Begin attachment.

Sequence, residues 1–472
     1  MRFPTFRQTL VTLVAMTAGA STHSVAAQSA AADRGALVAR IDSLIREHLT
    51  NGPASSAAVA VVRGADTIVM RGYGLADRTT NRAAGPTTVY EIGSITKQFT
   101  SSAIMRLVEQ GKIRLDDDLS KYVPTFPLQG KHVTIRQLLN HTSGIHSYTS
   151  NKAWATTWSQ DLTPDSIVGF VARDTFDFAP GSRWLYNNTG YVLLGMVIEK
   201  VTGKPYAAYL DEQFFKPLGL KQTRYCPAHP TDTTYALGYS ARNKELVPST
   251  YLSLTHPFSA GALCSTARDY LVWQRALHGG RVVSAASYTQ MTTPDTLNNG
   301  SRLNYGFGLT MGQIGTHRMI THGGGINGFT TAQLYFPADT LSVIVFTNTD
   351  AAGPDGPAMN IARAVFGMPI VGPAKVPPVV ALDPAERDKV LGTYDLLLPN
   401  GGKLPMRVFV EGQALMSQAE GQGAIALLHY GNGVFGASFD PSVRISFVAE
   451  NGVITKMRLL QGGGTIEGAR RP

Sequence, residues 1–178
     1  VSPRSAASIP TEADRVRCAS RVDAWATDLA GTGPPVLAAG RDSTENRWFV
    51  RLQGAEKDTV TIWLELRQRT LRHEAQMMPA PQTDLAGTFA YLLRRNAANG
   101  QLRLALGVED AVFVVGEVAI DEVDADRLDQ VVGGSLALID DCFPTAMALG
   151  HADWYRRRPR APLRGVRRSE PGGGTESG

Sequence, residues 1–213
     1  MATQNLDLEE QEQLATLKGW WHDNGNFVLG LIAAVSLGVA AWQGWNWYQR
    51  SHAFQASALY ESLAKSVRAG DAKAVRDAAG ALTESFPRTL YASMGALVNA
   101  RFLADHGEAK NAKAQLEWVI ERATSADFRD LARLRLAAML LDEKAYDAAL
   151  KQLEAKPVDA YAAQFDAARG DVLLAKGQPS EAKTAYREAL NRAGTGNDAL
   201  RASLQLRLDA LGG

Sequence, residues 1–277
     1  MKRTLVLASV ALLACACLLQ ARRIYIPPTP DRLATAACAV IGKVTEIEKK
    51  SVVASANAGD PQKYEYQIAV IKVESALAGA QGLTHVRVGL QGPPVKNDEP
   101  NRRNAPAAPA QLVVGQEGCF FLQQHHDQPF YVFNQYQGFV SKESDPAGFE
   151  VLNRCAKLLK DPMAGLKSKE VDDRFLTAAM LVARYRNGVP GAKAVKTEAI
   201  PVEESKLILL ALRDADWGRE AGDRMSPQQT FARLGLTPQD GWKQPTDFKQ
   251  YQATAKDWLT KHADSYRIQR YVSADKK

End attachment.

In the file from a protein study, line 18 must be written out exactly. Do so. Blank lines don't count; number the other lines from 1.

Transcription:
     1  MATQNLDLEE QEQLATLKGW WHDNGNFVLG LIAAVSLGVA AWQGWNWYQR